Maine’s eighth-graders are the first students in the state who will be held to proficiency-based academic standards, District Administration reports.
Under a 2012 state law, students will need to demonstrate proficiency in English, math, science and social studies in order to receive a high school diploma.
Content specialists from the Maine Department of Education will support school districts in making the shift, which includes a greater emphasis on personalized learning
Moving away from letter grades, which many educators say don’t really provide information on what students know and are able to do, school districts across the country — and now some states — have increasingly adopted proficiency- or standards-based grading practices. The model, which communicates the specific skills that students can demonstrate, is also referred to as competency-based grading.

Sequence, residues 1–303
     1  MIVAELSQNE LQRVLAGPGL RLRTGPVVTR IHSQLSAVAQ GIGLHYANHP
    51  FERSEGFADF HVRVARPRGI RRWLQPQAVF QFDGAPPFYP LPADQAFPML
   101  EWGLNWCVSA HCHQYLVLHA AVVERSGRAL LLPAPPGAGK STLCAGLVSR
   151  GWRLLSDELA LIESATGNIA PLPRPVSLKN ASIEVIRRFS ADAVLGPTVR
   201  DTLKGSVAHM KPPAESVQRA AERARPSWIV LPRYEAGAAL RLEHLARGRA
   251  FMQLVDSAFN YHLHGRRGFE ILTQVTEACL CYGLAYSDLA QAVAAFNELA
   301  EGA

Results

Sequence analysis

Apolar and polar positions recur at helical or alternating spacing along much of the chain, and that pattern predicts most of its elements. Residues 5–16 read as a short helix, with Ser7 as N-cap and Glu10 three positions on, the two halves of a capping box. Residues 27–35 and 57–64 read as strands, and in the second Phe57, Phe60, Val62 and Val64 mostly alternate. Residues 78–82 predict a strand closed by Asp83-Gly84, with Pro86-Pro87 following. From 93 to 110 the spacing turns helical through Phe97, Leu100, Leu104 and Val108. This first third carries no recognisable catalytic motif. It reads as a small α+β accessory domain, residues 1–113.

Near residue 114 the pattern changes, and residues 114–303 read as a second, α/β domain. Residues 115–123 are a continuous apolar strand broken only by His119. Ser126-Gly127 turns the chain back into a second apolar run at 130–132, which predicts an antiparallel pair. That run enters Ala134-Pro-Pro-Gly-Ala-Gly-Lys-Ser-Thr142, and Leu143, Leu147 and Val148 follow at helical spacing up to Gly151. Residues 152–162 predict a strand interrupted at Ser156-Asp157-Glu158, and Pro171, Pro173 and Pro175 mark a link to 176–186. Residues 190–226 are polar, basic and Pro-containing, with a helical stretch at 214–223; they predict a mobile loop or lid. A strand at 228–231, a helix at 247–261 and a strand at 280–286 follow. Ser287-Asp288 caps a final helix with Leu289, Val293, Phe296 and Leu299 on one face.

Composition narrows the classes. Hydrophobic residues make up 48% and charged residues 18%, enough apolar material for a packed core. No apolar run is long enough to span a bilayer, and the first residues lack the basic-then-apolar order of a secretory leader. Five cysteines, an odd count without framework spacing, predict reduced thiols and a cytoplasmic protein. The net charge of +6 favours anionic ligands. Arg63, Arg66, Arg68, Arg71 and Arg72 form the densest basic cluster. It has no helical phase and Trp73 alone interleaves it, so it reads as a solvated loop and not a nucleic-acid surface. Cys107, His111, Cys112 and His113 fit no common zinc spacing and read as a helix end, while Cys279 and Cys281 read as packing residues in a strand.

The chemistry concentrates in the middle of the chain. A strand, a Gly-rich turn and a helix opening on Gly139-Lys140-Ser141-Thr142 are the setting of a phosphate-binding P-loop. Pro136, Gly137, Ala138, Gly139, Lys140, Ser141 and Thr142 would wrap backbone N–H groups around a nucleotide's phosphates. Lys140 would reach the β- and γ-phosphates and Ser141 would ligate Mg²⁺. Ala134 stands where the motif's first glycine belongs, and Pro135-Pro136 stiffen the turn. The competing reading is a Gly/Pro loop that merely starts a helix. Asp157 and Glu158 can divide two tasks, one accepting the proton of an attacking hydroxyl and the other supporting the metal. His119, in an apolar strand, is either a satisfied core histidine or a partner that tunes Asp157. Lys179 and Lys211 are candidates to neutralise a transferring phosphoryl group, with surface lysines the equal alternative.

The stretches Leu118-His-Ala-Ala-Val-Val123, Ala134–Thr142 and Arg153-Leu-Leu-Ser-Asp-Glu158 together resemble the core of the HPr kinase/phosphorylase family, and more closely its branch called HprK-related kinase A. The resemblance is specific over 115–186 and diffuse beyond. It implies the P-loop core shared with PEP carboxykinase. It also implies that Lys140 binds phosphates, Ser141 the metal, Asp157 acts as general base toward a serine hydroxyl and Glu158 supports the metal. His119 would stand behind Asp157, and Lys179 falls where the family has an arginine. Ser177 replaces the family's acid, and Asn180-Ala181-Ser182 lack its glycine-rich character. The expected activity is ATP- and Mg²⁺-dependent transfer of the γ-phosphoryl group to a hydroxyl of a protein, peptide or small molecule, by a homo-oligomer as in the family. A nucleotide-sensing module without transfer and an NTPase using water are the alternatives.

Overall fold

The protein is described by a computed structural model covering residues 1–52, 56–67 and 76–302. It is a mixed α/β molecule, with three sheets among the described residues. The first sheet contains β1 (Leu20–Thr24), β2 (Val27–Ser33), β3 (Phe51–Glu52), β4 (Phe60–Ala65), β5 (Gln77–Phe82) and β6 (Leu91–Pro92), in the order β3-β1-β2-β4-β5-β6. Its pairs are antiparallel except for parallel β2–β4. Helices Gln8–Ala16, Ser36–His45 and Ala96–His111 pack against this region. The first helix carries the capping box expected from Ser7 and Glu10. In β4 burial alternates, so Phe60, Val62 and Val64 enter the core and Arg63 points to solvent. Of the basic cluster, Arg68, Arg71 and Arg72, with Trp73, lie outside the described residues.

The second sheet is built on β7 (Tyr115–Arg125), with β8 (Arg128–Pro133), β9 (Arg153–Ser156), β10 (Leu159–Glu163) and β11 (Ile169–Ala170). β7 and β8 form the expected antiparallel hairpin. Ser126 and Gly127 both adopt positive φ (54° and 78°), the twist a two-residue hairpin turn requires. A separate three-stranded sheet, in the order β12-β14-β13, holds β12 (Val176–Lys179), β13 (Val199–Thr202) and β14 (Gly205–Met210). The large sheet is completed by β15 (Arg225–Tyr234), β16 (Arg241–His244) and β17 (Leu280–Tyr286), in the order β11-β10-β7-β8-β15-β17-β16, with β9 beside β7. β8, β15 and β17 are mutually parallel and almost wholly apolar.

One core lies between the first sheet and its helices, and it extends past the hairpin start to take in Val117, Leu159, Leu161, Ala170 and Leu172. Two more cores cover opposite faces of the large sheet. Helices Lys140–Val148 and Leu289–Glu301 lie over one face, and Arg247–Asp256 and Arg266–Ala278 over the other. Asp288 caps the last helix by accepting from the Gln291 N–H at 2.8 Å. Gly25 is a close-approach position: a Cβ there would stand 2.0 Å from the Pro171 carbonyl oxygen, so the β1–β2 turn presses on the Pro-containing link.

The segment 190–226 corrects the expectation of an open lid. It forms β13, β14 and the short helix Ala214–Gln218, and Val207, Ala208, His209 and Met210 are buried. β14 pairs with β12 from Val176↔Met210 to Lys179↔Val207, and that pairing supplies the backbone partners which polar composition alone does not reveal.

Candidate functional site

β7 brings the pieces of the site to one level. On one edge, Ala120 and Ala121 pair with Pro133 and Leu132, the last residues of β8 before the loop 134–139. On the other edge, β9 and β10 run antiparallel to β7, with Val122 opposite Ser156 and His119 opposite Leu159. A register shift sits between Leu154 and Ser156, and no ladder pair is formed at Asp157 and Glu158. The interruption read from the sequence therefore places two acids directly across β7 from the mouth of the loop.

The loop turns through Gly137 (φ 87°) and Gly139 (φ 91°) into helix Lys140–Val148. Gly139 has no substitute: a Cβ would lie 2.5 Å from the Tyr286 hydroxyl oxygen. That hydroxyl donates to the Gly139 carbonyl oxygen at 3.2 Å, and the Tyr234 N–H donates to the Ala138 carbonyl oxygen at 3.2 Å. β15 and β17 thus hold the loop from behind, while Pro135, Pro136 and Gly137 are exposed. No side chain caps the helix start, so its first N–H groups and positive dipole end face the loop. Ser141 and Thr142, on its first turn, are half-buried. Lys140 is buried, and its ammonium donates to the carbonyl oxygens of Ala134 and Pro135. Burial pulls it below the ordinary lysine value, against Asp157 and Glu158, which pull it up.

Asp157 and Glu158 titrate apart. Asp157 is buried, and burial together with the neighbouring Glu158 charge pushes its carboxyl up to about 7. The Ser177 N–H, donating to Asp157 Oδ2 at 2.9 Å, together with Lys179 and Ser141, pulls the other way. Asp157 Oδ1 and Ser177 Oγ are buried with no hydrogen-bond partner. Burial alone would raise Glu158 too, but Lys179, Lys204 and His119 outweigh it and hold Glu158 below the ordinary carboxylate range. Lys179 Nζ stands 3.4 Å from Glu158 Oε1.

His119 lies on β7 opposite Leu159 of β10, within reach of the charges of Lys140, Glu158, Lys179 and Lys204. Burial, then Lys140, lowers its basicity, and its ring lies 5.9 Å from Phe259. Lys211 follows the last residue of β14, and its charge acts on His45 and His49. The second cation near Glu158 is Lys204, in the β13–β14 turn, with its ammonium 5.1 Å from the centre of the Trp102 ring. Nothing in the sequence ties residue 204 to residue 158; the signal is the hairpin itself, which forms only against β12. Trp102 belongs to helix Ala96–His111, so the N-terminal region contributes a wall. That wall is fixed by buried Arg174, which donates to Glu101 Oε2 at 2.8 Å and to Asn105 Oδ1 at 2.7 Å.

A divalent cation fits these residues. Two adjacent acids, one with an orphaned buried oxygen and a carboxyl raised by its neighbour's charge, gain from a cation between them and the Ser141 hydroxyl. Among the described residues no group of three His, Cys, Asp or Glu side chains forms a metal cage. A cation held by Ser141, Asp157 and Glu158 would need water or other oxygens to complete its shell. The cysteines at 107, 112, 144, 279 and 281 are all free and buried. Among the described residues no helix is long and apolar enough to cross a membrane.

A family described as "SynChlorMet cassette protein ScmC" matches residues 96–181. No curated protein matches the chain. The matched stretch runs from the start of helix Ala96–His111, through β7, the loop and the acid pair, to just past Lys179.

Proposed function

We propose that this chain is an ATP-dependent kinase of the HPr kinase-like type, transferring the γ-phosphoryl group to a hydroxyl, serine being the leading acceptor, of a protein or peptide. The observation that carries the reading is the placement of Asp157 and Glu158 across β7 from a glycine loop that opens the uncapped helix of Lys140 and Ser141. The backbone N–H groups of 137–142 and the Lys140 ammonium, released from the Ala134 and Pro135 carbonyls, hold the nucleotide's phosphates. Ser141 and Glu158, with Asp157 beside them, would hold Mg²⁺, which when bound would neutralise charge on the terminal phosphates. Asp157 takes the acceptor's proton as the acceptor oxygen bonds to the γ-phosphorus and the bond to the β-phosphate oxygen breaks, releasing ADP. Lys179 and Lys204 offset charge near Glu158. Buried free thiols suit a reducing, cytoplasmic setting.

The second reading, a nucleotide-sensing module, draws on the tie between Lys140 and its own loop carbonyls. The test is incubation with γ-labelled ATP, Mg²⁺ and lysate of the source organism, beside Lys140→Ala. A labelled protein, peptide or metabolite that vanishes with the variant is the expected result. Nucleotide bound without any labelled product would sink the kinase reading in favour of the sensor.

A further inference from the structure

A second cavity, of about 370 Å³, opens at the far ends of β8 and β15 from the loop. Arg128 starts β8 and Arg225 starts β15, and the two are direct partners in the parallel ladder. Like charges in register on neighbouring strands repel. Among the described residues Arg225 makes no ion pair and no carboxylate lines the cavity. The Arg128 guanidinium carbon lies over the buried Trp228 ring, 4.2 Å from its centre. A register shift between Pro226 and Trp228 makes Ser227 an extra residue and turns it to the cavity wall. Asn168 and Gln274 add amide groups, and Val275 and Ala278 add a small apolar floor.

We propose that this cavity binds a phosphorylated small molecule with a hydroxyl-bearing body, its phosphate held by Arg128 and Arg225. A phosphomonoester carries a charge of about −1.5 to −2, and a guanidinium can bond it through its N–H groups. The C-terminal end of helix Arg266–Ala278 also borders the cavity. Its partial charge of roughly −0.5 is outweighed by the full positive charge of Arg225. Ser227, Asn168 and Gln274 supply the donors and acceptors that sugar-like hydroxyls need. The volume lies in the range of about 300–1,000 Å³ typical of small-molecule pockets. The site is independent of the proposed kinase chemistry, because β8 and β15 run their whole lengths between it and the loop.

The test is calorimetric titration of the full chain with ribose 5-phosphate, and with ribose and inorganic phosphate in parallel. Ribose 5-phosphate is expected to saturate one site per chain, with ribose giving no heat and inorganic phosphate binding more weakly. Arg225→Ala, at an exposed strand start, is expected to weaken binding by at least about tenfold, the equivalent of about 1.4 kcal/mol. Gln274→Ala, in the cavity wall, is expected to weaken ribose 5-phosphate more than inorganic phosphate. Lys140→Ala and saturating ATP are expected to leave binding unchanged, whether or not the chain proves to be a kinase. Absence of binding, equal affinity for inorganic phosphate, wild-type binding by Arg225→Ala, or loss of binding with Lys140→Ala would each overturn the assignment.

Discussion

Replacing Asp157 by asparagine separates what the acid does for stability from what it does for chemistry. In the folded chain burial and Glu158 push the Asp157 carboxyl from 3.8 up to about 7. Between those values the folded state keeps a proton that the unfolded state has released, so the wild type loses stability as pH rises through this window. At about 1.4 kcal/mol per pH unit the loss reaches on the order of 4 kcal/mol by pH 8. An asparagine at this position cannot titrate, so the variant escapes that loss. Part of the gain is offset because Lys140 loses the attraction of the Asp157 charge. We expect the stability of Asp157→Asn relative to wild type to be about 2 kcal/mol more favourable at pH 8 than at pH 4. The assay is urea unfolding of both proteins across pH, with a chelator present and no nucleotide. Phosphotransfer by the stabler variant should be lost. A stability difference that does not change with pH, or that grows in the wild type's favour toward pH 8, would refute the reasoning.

In New York City, for example, 40 schools are implementing such a model, with some working with an organization called Mastery Collaborative, which helps schools make the shift toward what is sometimes viewed as a time-consuming approach to grading. Some critics argue that not all learning can be boiled down into a skill, but proficiency-based grading is gaining popularity in part because blended learning models allow students to move at an individual pace and spend more time on areas where they are struggling.
A 2015 report from Hanover Research on standards-based grading recommends that districts spend time informing parents about the new approach and provide follow-up support to teachers following the initial implementation. The document also provides detailed examples from districts that have used the approach.